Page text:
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CONSTANTINE V

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Originally appearing in Volume V06, Page 991 of the 1911 Encyclopedia Britannica.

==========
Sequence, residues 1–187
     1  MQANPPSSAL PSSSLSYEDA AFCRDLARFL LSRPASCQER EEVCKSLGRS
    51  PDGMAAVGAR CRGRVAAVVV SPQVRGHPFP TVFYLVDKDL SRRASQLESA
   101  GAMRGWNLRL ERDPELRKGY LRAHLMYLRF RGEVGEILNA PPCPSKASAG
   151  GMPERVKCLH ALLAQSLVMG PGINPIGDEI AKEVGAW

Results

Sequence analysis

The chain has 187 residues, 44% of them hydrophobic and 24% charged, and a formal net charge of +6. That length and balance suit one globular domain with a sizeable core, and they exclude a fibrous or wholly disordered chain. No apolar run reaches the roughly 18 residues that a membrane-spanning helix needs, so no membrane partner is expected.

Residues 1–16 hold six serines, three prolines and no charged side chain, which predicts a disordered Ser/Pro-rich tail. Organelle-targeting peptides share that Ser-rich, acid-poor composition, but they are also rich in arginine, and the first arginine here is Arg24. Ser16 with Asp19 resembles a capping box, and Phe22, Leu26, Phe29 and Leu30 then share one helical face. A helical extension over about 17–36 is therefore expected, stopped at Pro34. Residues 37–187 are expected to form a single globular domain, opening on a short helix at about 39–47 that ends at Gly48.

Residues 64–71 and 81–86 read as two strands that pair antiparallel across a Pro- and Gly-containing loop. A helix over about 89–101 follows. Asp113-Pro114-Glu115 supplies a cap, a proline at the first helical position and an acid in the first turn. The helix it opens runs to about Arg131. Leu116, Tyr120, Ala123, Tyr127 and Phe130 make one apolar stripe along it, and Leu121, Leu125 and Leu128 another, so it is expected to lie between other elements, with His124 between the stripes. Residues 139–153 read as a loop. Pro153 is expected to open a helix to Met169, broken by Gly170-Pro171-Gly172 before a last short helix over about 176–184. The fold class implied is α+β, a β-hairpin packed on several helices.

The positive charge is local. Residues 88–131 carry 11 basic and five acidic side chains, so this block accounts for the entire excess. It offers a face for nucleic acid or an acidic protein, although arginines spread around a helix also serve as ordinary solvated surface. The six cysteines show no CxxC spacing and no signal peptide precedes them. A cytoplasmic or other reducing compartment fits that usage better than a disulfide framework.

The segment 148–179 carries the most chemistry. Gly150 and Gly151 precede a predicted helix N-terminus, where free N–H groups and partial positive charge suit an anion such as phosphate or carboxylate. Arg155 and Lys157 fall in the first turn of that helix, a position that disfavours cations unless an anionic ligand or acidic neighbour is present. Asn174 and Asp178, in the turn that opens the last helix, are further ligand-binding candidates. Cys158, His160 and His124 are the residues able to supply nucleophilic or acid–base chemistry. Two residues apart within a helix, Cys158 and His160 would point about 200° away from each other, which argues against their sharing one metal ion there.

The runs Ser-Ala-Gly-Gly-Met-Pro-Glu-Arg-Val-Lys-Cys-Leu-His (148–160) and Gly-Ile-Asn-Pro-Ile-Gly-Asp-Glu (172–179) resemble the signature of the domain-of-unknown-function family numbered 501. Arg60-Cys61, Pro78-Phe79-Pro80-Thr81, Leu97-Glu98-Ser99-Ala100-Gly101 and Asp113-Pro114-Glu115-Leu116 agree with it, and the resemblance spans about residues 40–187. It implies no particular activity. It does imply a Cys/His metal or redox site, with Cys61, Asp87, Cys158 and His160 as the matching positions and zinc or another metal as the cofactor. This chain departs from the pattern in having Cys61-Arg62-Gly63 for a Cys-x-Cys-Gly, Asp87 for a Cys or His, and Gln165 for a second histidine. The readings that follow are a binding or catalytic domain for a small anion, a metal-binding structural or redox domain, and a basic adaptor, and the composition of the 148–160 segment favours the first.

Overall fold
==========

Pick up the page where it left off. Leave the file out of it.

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CONSTANTINE V. Copronymus (Gr. Koapos), son of Leo III. the iconoclast, was emperor 740—775. Immediately after his accession, while he was engaged in a campaign against the Arabs, his brother-in-law, an Armenian named Artavasdus, a supporter of the image-worshippers, had been proclaimed emperor, andit was not till the end of 743 that Constantine re-entered Constantinople. When he felt his position secure, he determined to settle the religious controversy once for all. In 754 he assembled at the palace of Hiereion 338 bishops, by whom the worship of images was forbidden as opposed to all Christian doctrine and a curse pronounced upon all those who upheld it. But in spite of the severity with which the resolution was en-forced, the resistance to iconoclasm continued, chiefly owing to the attitude of the monks, who exercised great influence over the common people. A vigorous campaign against monasticism took place; the monasteries were closed, and many of them pulled down or converted into barracks; monks and nuns were compelled to marry, and exiled in large numbers to Cyprus; the literary and artistic treasures were sold for the benefit of the imperial treasury. One of the most important results of the struggle was the defection of the pope, who sought and obtained protection from Pippin, king of the Franks. All attempts to induce Pippin to throw over his new protege failed, and from this time onward the nominal dependence of Rome and the papacy on emperors at Constantinople ceased. Constantine has been described by the orthodox historians of his time as a monster of iniquity; but, in spite of the harshness and occasional cruelty with which he treated his religious opponents, for which an excuse may be found in the obstinate fanaticism of the monks, 'it is now generally admitted that he was one of the most capable rulers who ever occupied the Byzantine throne. He restored the aqueduct built by Valens and destroyed by the barbarians in the reign of Heraclius, re-peopled Constantinople (after it had been devastated by a great plague) and some of the cities of Thrace, revived commercial prosperity, and carried on a number of wars, in which, on the whole, he was successful, against the Arabs, Slays and Bulgarians. In the year of his death he set out on an expedition against the last-named, but a violent attack of fever obliged him to discontinue his journey. He died on board his fleet on his way home.
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